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posted 12 Jun 2020, 06:45 by Gerry Kangalee   [ updated 12 Jun 2020, 06:56 ]
David Walker
The field of Investment Appraisal is a most fascinating one. It essentially involves assessing the relative merits of a range of investment options in a situation where investment capital is limited. In reality, no organisation has access to limitless capital so the practice of Investment Appraisal applies to all. Even when there appears to be only one option, the alternative of doing nothing or discontinuing an existing investment must be considered.

Investment Appraisal uses a bewildering array of mostly mathematical based tools in order to make better decisions than would be possible otherwise. Yet, it is based on a number of simple principles that are well understood by all of us. Most people have the capacity to grasp the issues involved in what might seem a very complex investment appraisal. For some reason however, our leaders never express their decision making in terms that the general population can relate to.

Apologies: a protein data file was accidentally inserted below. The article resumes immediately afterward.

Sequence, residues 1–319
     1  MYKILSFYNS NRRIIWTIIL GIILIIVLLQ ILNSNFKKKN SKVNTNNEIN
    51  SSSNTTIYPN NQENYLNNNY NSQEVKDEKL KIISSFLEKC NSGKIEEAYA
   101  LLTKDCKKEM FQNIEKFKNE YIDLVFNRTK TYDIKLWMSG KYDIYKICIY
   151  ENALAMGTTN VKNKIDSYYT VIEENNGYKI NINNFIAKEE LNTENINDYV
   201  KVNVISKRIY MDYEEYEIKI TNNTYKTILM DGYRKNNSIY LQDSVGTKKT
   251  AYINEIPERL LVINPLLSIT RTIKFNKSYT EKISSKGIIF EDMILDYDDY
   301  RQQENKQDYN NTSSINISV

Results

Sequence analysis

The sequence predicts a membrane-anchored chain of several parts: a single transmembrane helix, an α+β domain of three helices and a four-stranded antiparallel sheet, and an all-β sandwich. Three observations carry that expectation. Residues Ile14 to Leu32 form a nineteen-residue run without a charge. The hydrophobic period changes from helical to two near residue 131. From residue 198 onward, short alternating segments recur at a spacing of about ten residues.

Today I'm challenging you to follow the logic of a particular investment decision facing our leaders. I will present you with the central issue by way of an analogy, the logic of which I hope you can then apply to a billion dollar investment decision. Ready?

Imagine that you're living in a housing development that is seven years old. As an entrepreneurial type, you've started a small type shop catering for vehicle